Is Starbucks Corporation Destined for Greatness?

The world's largest coffee chain hasn't let a multibillion-dollar loss slow it down. How will Starbucks (SBUX) fare in 2014?

Feb 23, 2014 at 3:45PM

Investors love stocks that consistently beat the Street without getting ahead of their fundamentals and risking a meltdown. The best stocks offer sustainable market-beating gains, with robust and improving financial metrics that support strong price growth. Does Starbucks Corporation (NASDAQ:SBUX) fit the bill? Let's look at what its recent results tell us about its potential for future gains.

What we're looking for
The graphs you're about to see tell Starbucks' story, and we'll be grading the quality of that story in several ways:

  • Growth: Are profits, margins, and free cash flow all increasing?
  • Valuation: Is share price growing in line with earnings per share?
  • Opportunities: Is return on equity increasing while debt to equity declines?
  • Dividends: Are dividends consistently growing in a sustainable way?

What the numbers tell you
Now, let's look at Starbucks' key statistics:

SBUX Total Return Price Chart

SBUX Total Return Price data by YCharts

Passing Criteria

3-Year* Change


Revenue growth > 30%



Improving profit margin



Free cash flow growth > Net income growth

(163.8%) vs. (88.9%)


Improving EPS



Stock growth (+ 15%) < EPS growth

141.5% vs. (90.3%)


Source: YCharts.
*Period begins at end of Q4 2010.

SBUX Return on Equity (TTM) Chart

SBUX Return on Equity (TTM) data by YCharts

Passing Criteria

3-Year* Change


Improving return on equity



Declining debt to equity



Dividend growth > 25%



Free cash flow payout ratio < 50%

Negative FCF


Source: YCharts.
*Period begins at end of Q4 2010.

How we got here and where we're going
Things don't look good for Starbucks today, as it's only earned two out of nine possible passing grades. It's important to note that many of these downtrends are the result of a multibillion-dollar fine owed to Mondelez (NASDAQ:MDLZ) for prematurely terminating a distribution contract. Without that impact, it's likely that Starbucks would have picked up at least one or two more passing grades. Let's not give Starbucks a free pass just yet, though -- we want to find out of the global coffee purveyor can earn a respectable score next year after the impact of that settlement are pushed into the past. Let's dig deeper to find out if it can.

Starbucks' latest earnings report showed strong top and bottom line growth, with revenue and earnings per share up 12% and 25% respectively. The company continues to drive amazing foot traffic for such a well-established franchise, as it enjoyed a 5% uptick in comparable-store sales and a 4% increase in overall store traffic. Starbucks maintains ambitious plans to expand its footprint in the Asia-Pacific region with 750 new stores planned in 2014, which would increase Starbucks' global footprints by nearly 15%. The company recently opened its first store in Brunei, which is the 64th country in which Starbucks now has a presence.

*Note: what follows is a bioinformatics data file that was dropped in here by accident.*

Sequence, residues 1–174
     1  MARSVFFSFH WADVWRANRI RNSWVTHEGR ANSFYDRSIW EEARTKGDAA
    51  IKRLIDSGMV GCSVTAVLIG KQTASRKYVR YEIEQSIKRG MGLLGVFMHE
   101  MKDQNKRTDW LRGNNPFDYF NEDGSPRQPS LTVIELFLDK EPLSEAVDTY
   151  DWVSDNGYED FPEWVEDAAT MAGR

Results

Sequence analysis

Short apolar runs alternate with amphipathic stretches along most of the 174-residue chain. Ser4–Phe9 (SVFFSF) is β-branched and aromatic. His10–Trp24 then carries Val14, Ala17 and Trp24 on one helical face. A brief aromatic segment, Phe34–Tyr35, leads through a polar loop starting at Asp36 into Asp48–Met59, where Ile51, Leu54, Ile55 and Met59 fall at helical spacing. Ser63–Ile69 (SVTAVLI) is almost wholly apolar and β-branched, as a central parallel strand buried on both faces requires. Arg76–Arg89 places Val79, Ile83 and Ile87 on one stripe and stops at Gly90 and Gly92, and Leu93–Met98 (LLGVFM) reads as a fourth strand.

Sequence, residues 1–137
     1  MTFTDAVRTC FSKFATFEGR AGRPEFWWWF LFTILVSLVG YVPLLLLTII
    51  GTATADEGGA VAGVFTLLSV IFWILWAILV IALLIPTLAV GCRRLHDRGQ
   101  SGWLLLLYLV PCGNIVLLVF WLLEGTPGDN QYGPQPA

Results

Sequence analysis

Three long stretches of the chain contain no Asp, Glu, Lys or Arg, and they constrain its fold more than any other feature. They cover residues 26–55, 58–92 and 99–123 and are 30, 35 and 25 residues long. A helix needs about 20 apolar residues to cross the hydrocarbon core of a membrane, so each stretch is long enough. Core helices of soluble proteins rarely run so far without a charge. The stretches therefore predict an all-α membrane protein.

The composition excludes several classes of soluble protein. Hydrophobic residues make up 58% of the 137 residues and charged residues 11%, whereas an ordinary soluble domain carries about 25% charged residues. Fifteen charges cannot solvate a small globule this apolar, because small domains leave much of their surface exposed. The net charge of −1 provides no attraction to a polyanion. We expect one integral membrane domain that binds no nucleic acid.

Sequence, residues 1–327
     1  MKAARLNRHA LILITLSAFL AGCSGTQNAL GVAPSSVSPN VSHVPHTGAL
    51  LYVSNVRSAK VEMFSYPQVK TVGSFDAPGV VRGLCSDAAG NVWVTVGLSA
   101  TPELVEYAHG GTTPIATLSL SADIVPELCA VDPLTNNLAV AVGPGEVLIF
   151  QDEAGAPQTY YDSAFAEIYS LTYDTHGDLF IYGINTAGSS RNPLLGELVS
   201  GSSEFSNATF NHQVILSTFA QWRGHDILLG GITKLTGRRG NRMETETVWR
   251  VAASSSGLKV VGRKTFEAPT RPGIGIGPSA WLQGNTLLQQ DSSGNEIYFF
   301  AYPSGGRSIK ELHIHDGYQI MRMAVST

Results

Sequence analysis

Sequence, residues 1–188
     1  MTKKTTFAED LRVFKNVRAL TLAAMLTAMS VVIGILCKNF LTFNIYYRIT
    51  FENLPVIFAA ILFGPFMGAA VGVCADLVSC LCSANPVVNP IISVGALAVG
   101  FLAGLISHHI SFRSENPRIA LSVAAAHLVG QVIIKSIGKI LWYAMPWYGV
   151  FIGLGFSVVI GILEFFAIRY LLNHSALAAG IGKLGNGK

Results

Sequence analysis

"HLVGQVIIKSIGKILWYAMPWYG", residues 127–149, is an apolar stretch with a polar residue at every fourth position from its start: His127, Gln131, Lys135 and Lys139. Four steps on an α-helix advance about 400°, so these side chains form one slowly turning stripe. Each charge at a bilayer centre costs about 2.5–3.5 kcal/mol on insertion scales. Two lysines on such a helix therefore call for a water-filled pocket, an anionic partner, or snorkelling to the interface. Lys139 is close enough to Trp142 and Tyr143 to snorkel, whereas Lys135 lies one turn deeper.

CEO Howard Schultz has noted that much of Starbucks' traditional store traffic is being lost to those shopping online at, which winds up benefiting the company just the same. Fool contributor Rich Duprey notes that Starbucks' $100 million acquisition of San Francisco-based La Boulange is likely to produce an overhauled lineup of baked goods at more than 3,500 stores. Fool contributor Andrew Marder notes that Starbucks could generate higher margins by charging more for its "short" drinks, and through cross-selling high-end bagged coffees for home consumption. The company recently introduced a new line of instant espresso drinks, which is expected to attract consumers looking for branded instant coffee at home. Starbucks' enhanced digital presence, with a mobile-payment platform and customer loyalty programs, could also help it to drive online sales while simultaneously encouraging consistent foot traffic.

Fool contributor Kyle Colona notes that the company continues to reap benefits from its strategic alliance with Green Mountain Coffee Roasters (NASDAQ:GMCR), which serves up K-Cups of Starbucks coffee in the latter's Keurig single-serve brewing system. According to the National Coffee Association, 12% of U.S. households now own single -serve brewers. That's both an impressive growth story and an indication of a long growth runway ahead -- Starbucks own Verismo single-serve brewer could capture some of this growing market by appealing to those who prefer lattes over the traditional cup of joe. However, Green Mountain has no particular loyalty to Starbucks -- it's also promoting a line of K-Cups from rival Dunkin' Brands (NASDAQ:DNKN). This might not hurt any of the three parties, as the single-serve coffee market is growing nine times faster than rest of the coffee industry, offering plenty of opportunity for new sales.

Putting the pieces together
Today, Starbucks has some of the qualities that make up a great stock, but no stock is truly perfect. Digging deeper can help you uncover the answers you need to make a great buy -- or to stay away from a stock that's going nowhere.

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Alex Planes has no position in any stocks mentioned. The Motley Fool recommends Green Mountain Coffee Roasters and Starbucks and owns shares of Starbucks. Try any of our Foolish newsletter services free for 30 days. We Fools don't all hold the same opinions, but we all believe that considering a diverse range of insights makes us better investors. The Motley Fool has a disclosure policy.

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